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Reviewed in this essay: Ceremonies for the Dead by Giles Benaway. Published by Kegedonce Press. Poetry never ceases to amaze me. I began my writing career with pieces of poetry published here and there, but then with time, I discovered short stories and turned my attention to them. I don’t know if I will ever go back to poetry because in poetry, I find that you either got it or you don’t. The way...

Negotiating Postmodern Nightmares: Jonathan Ball on Writing

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Jonathan Ball is a poet, professor, and film director based in Winnipeg, Manitoba. He was shortlisted for the John Hirsch Most Promising Writer Award at the 2012 Manitoba Book Awards. His column, Haiku Horoscopes, runs quarterly in Grain.  W: Could you tell us about your earliest writing?  B: My earliest works were poems that resulted from failed transcriptions of song lyrics. I used to write out...

Coming Home through African-Canadian Literature: George Elliott Clarke’s Directions Home

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Reviewed in this essay: George Elliott Clarke’s Directions Home: Approaches to African-Canadian Literature. In 2011, Toronto city councilor Doug Ford dismissed Margaret Atwood’s rally to protect some 99 library branches, adding insult to injury when he said, “I don’t even know her, if she walked by me, I wouldn’t have a clue who she is.” Assumingly then, neither of the Ford brothers could...

Stan Rogal’s Brautiganesqe

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In this special feature for Chirograph, rob mclennan presents the essay he wrote as a preface for Stan Rogal’s Love’s Not The Way To (Toronto ON: Bookland Press, spring 2013). “That’s why I forgot the bottle this morning because the Japanese squid fishermen are asleep and I was thinking about them being asleep.” -Richard Brautigan, The Tokyo-Montana Express One of the first books I...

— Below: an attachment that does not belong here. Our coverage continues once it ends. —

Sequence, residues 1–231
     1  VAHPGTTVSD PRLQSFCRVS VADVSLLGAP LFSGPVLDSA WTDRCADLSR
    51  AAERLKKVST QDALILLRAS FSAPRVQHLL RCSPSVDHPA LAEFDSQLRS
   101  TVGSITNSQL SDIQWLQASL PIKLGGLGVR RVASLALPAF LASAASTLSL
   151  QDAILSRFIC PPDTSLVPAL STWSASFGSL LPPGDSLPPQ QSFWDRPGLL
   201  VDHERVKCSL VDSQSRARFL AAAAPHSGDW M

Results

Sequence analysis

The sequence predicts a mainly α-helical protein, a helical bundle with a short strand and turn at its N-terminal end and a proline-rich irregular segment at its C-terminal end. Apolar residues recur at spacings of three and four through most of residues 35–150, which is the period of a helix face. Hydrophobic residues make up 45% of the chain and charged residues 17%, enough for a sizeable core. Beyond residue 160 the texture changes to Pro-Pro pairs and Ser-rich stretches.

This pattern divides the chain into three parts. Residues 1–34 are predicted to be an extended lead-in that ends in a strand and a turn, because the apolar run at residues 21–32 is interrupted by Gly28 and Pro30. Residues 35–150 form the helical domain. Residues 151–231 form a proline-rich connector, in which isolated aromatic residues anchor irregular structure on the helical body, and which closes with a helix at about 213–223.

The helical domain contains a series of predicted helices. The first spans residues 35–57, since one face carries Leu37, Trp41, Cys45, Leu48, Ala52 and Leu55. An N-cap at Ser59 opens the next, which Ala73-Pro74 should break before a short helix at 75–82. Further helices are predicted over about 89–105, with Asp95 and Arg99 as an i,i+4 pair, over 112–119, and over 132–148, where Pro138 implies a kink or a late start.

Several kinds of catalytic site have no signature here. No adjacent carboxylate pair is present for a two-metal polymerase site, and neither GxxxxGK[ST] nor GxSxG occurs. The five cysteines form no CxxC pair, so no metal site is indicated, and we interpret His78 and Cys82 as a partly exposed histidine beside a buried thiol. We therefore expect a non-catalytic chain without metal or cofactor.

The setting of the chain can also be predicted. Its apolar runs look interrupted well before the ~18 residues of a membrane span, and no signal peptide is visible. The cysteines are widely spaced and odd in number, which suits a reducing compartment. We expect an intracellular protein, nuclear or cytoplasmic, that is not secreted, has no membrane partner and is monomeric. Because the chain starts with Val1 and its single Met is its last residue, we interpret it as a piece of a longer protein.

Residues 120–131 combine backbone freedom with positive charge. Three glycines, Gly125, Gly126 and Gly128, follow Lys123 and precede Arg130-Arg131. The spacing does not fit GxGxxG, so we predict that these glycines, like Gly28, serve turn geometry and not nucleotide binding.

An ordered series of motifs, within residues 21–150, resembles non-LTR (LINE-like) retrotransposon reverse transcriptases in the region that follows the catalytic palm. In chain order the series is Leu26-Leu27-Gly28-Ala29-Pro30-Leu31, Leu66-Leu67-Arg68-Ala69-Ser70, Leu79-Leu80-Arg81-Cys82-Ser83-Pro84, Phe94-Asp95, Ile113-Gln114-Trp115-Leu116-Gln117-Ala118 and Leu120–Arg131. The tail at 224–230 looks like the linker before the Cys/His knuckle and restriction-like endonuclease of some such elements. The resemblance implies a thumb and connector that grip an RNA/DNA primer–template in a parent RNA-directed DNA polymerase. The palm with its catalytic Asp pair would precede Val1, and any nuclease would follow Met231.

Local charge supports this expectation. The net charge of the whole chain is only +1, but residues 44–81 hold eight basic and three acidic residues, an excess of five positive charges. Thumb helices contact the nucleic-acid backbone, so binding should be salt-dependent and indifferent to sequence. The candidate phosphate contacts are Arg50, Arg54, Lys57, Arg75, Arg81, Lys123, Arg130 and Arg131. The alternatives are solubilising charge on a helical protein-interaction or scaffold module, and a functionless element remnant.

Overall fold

Al Purdy, cabin porn, and Dachshund UN: Bookishness, Feb. 4, 2013

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“What will become of all of you? What will you do with no good movies?” Richard Kramer writes about Pauline Kael. Book to film “I find that a lot of my best character stuff and ideas come unwittingly from novels… [Y]ou get to learn how to make good backstories in your own head, without needing to share them with anybody. You can just know stuff about your character that...

Staging history: A review of Susan Steudel’s poetry collection, New Theatre

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Reviewed in this essay: New Theatre by Susan Steudel, Coach House Press, 2012. A high school teacher once passed an antique book of fairy tales around our creative writing class, asking us to make new poems by blacking out and decorating the printed words. Susan Steudel’s debut book of poetry, New Theatre, reminds me of turning the pages of that illuminated book, from which new voices arose out...